I have a very large sparse file on an EXT4 partition, and I want to copy that file to an NTFS partition. The file has a size of about 2 TB, but since it is a sparse file it uses only 700 GB on disk.

The NTFS partition where I want to copy that file to only has about 1.3 TB free space. So if I can copy the sparse file there, it should fit comfortably; but as non-sparse file this won't fit.

I tried to copy the file with a simple cp -a command, but it failed in the end with "no space left on device". Interestingly it failed while about 570 GB were still reported as free.

By checking the file size and its reported disk usage I can see that the file on NTFS partition is not sparse.

I also tried to create a sparse file manually, with either of these commands:

  • dd if=/dev/zero of=test1.bin bs=1 count=1 seek=100000
  • truncate -s 100000 test2.bin

On an EXT4 partition both of the created files were sparse (du -h shows that they use 0 bytes on disk). But on the NTFS partition each file actually uses 100 KB of disk space, according to du -h and also according to ls -lsk.

So: why can't I create sparse files on the NTFS partition? And what can I do to copy the large file as sparse file to the NTFS partition?

The system where this happens:

  • Debian 11 (Bullseye) x86-64
  • kernel package 5.10.92-1
  • ntfs-3g package 1:2017.3.23AR.3-4+deb11u1

According to mount, the NTFS partition is mounted like this:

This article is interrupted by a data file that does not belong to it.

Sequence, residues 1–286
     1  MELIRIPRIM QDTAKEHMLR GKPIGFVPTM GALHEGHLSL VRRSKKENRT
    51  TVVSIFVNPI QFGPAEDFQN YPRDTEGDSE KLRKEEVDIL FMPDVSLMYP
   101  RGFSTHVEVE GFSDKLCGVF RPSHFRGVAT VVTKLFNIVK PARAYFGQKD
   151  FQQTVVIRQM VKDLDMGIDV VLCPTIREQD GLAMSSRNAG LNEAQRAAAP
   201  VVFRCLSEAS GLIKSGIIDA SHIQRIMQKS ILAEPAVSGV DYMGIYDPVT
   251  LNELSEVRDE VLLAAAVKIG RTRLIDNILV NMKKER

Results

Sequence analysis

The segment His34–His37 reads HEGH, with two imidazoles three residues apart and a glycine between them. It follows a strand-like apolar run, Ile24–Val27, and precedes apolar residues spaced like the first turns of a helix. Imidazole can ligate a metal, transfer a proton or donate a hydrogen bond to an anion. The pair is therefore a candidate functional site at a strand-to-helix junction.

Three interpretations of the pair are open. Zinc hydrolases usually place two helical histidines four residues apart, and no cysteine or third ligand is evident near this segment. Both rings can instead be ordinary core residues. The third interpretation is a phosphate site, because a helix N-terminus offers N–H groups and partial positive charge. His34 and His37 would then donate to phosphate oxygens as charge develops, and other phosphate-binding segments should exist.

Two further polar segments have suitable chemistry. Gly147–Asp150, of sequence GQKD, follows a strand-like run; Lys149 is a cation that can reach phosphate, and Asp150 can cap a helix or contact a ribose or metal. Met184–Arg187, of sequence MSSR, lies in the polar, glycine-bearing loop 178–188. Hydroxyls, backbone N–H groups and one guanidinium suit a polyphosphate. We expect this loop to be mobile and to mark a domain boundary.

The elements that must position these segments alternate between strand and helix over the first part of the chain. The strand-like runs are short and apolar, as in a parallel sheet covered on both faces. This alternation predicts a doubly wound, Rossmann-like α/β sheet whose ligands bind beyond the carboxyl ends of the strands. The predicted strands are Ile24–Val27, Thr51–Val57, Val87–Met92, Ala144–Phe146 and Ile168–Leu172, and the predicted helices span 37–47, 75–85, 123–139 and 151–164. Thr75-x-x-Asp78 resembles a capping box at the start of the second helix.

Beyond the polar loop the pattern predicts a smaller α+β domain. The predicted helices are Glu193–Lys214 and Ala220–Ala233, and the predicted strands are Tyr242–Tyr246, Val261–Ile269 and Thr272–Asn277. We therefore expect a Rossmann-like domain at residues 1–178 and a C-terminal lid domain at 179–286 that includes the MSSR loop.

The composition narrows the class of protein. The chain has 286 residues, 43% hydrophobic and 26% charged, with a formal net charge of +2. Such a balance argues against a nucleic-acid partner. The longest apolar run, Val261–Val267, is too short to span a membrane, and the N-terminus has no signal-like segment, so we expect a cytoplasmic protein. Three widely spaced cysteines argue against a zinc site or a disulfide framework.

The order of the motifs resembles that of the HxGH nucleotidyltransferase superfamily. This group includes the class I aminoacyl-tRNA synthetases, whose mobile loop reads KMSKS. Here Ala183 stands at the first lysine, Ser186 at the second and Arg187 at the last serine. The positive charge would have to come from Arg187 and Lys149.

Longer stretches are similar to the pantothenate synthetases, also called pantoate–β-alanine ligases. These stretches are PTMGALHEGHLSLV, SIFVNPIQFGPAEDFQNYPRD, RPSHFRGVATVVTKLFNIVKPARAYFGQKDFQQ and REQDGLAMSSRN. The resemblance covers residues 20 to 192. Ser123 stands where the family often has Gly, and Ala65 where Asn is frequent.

/dev/sdg1 on /mnt/loop2 type fuseblk (rw,relatime,user_id=0,group_id=0,allow_other,blksize=4096)

My understanding is that the partition is mounted using the ntfs-3g driver - is that correct? And according to man ntfs-3g that driver supports sparse files. I also did not find any option to enable or disable that feature.

I did not create the NTFS partition myself, but used the existing partition that was on the drive when I bought it.

  • There's one thing you can try -- ntfstruncate. I'm not sure if it is in ntfs-3g or ntfsprogs on your distro though (before some point the latter was still a thing). But it's a bit difficult to use / lame. Here it takes a block device and an inode number and works on only an unmounted filesystem (so you will also need to use touch to create the file beforehand). Maybe a little test with it will give some more hints. Usage might differ with the version you got.
    – Tom Yan
    Mar 7, 2022 at 18:11

1 Answer 1


Normally you can’t in Windows copy or create a sparse file if its nominal size exceeds the amount of available free space. In addition, Windows files may need to be flagged as sparse by the fsutil sparse command, or they are not sparse.

I suggest doing the copy from inside Windows, perhaps using a utility such as sparse.zip, found at the end of the article NTFS Sparse Files For Programmers.

The syntax of this command is simple:

cs.exe from-path to-path

If this can't be done on Windows because the file is only on Linux, try to tar the file on Linux, then untar it on the target Windows system using Windows Subsystem for Linux (WSL).

  • Unfortunately I don't have a Windows system available (and I don't want to install one just for this, TBH). But I guess doing this from Windows is generally a good idea nonetheless - might be helpful for others who also have this problem.
    – oliver
    Mar 7, 2022 at 17:18
  • tar supports sparse files since some years now, so it could be the mechanism of transfer.
    – harrymc
    Mar 7, 2022 at 18:14

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